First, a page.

The EES series hailed from the popular Pen family of Olympus half-frame cameras. The Pen was first introduced in 1959. It was the very first half-frame camera in Japan that was specially designed by Olympus' most popular chief designer, Yoshihisa Maitani. The small and portable camera was such a hit that it influenced other Japanese companies to use the same idea.
The Pen EE was introduced two years later in 1961. The camera had a 28 mm f/3.5 lens, fixed focus, and automatic exposure, thus making it a very convenient point-and-shoot camera. The EES appeared a year later, boasting a 30 mm f/2.8 lens and a focusing ring. It had a shutter speed that adjusts automatically according to the light level, which helps in nailing the precise exposure range.
It was in 1968 when the EES-2 emerged. It was basically the same as the EES, but a flash hot shoe was made available. Also, while the EES had a film speed of 10-200, the EES-2 had 25-400. Along with the rest of the Pen family, the EES-2's charm lies in its convenient controls and the D-Zuiko lens that offers superior quality.
Community Member and then Lomography staff dux_x shared his personal review, plus tips & tricks:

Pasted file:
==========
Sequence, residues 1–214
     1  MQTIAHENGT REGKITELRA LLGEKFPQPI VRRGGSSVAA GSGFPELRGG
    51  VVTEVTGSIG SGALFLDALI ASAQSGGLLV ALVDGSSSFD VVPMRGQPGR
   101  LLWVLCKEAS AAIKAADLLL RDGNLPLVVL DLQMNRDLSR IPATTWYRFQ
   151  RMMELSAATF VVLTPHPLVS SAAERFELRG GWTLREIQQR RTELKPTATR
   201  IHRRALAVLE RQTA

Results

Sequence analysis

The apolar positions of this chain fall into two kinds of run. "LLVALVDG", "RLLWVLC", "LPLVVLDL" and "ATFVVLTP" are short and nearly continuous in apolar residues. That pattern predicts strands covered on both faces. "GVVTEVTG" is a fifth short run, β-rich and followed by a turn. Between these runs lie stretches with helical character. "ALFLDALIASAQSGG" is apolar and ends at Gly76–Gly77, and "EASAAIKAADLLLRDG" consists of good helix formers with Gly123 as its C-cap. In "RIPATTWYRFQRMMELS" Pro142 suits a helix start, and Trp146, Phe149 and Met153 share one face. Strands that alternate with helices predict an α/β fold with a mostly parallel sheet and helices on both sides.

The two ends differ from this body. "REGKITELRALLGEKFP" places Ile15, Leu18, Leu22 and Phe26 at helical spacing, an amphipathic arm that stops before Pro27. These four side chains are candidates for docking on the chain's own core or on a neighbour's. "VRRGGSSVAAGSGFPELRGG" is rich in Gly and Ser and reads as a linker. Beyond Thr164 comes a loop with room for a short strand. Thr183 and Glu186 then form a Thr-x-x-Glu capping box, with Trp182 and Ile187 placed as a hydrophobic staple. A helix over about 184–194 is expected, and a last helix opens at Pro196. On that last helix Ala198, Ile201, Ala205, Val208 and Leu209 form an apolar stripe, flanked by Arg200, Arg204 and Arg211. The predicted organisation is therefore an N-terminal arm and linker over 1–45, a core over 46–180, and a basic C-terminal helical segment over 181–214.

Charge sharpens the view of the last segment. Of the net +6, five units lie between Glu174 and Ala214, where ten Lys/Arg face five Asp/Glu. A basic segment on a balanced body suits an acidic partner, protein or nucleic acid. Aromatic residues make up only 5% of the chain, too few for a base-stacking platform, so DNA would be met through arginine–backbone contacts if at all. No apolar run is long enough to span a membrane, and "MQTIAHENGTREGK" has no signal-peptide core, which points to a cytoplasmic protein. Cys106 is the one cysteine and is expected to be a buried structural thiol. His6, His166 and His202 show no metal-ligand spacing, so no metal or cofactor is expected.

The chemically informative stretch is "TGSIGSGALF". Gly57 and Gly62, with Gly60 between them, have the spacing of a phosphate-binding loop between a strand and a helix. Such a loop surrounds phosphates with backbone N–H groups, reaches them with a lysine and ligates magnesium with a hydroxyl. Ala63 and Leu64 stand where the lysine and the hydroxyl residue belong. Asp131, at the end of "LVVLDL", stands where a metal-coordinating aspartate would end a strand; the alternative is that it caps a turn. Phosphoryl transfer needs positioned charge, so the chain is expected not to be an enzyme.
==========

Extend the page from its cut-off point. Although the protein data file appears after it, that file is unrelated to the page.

“This little thing is capable of taking more than 80 pics with a single 36 frames roll. Yeah, it´s the perfect camera to take to places where you can´t find films to buy. A perfect camera for the days when it´s very hard to find the finest film of your dream. Because of its format (35 mm half-frame), while others take 36 shots, you can create over 80 images! The camera doesn´t need batteries. It just needs sunlight to activate the solar-powered selenium light meter — a perfect ecological masterpiece. Putting the economical aspect aside, the little Pen also had that great D. Zuiko lens with professional quality, reliable mechanics, a compact size and the cute vertical format for your pictures that you're gonna love. The EES-2 version had a zone focus (other versions had a fixed focus) giving you more power to play with the camera. It´s an aperture-priority camera with the shutter fixed on 1/200sec on A (auto) mode or you can choose the aperture (to use flash or be creative) with the shutter on 1/40sec.”
Tips & Tricks:
- Take advantage of this camera's half-frame setting. Creating images that complete a scene and weave for yourself some panorama shots, for example. Neat photo stories can also be done with this cute little camera.
- This is a camera that you'd want to bring with you as a backup. Loaded with b&w film and used to create behind-the-scenes shots, it'll be the perfect partner to document your shoots. Imagine having the liberty to shoot 80 frames with a regular 36-exposure 35 mm film.
- You can save up on developing costs with this half-frame camera. That means you can buy other films and camera equipment!
- Find a good red filter and do some black and white street shots with this camera. You will love the results!
_This review is submitted by Community Member dux_x .